One of the fundamental requirements of the Food Safety Modernization Act (FSMA) is the establishment of an environmental monitoring program at each facility. This must define the tests, including the analytical methods, to be carried out for appropriate microorganisms that could be present in their facilities. Procedures are required to identify the locations from which samples will be collected and the number of sites to be sampled, since the number and location must be adequate to determine whether the preventive controls are effective. The timing and frequency for collecting and testing samples must be specified. There is a need to include corrective action procedures in the event that testing detects an environmental pathogen or an indicating organism. Actions might include changing sanitation methods, increasing test frequency or locations in areas of concern, segregating traffic patterns, re-training staff, and so forth. Just as importantly, all of the data associated with this testing program, including the results and corrective actions taken when microorganisms exceed safe levels, need to be recorded and accessible for audit purposes. All corrective actions should identify the root cause of the deviation, actions taken to prevent recurrence, and, if product safety is not affected, a written conclusion (supported by factual and scientific data) issued to say that the deviation “does not create an immediate food safety issue.” The emphasis should always be on pre-emptive actions to remove potential points of failure before issues get into the final delivered products causing stock loss and costly recalls.
Challenges for Manufacturers and Processors
To help meet these challenges, specialist expertise is needed, which comes at a cost to the organization. Yet this should be seen as money well spent. A general guideline is that if the preventive controls are effective, every dollar spent in preventive measures is likely to save the company $10 in corrective controls where something needs to be fixed. Also, every dollar spent in prevention is likely to save over $100 if there was a failure of control such as a recall or an FDA-mandated closure or the requirement to re-design their plant. Since the FSMA requirements are new and are not necessarily well understood by many companies, there are a lot of programs and consultants offering services to help companies set up their environmental monitoring programs. Clearly, specialist expertise is needed, but when building a program from scratch it can be extremely costly, mostly due to the fact that companies continue to rely on these experts when technicians don’t know for sure what they are supposed to do. So they end up bringing in the expert person for more of the time. A lot of work or time is lost in uncertainty because they have to look at the guidelines, look up the requirements, and ask for help. The most cost-effective way of utilizing resources is to get the program itself set up by experts with clear instructions and processes so that much of the implementation can be carried out by lesser-qualified technicians.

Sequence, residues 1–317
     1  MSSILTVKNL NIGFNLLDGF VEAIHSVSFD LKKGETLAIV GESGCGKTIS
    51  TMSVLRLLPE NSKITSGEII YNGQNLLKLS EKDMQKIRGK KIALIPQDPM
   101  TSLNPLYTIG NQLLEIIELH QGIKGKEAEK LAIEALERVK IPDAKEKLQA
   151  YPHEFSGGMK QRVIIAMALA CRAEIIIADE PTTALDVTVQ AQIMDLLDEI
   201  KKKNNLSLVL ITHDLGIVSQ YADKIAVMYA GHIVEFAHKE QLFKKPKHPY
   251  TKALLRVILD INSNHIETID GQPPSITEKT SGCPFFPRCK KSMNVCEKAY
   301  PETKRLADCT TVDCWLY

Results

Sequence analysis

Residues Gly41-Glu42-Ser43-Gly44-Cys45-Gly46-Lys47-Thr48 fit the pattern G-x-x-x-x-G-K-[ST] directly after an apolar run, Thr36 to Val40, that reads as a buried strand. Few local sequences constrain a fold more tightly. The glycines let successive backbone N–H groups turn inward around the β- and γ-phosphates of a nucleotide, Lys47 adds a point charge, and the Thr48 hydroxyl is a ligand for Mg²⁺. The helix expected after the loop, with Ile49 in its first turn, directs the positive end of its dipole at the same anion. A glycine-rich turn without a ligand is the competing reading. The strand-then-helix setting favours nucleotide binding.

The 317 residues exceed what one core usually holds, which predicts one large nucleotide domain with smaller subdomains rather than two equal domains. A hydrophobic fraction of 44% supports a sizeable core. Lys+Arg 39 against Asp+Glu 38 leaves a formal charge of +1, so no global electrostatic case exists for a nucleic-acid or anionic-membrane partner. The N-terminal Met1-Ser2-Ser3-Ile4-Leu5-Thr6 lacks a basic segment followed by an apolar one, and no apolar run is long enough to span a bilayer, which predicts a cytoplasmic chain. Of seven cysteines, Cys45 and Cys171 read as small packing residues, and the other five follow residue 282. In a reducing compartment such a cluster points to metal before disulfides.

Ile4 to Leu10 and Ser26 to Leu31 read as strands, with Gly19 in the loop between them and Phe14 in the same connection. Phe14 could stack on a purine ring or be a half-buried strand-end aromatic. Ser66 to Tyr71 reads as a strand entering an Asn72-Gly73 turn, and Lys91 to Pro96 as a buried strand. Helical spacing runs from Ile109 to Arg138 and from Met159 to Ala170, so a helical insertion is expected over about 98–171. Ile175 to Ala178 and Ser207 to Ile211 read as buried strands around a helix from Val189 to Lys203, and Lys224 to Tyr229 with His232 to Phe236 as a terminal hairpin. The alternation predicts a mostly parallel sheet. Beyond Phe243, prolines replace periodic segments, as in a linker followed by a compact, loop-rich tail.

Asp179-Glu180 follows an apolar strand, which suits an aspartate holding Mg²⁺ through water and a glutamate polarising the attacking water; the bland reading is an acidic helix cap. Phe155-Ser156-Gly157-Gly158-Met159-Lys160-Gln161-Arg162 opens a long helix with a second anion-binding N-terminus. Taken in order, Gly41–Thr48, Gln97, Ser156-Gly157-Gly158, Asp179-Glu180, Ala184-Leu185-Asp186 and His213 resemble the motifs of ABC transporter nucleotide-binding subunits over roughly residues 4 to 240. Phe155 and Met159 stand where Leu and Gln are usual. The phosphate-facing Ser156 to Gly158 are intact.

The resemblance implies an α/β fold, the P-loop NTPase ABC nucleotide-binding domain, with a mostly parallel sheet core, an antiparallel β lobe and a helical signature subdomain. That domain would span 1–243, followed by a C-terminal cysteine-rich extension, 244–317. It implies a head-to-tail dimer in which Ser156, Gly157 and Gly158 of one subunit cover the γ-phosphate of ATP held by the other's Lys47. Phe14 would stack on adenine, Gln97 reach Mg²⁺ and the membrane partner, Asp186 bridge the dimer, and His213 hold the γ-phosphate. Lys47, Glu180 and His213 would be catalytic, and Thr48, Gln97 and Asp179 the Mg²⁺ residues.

In addition to the challenges associated with designing and staffing a program, many organizations struggle with unwieldy information management. Important data can be scattered across the organization in spreadsheets and forms, etc. Any time the bigger picture needs to be examined, and while senior managers are trying to ascertain the status, there can be a lot of time spent in compiling and analyzing that data. If an auditor or inspector is expecting that information quickly, it does not reflect well if it takes a long time to pull that information together. This is especially true if, for greater scrutiny of those details, it is necessary to sift through a patchwork of records and documentation. Of course, all the time spent on retrieving and analyzing data also takes away from productive management of the operations. This approach also keeps the awareness of the actual status of the facility to a very small group of people instead of enabling more people to devote their attention to making sure that quality processes are being followed. The use of an appropriate information management system can provide structure to ensure that technicians follow the program guidelines and make it much easier to keep track of and analyze all the data more effectively.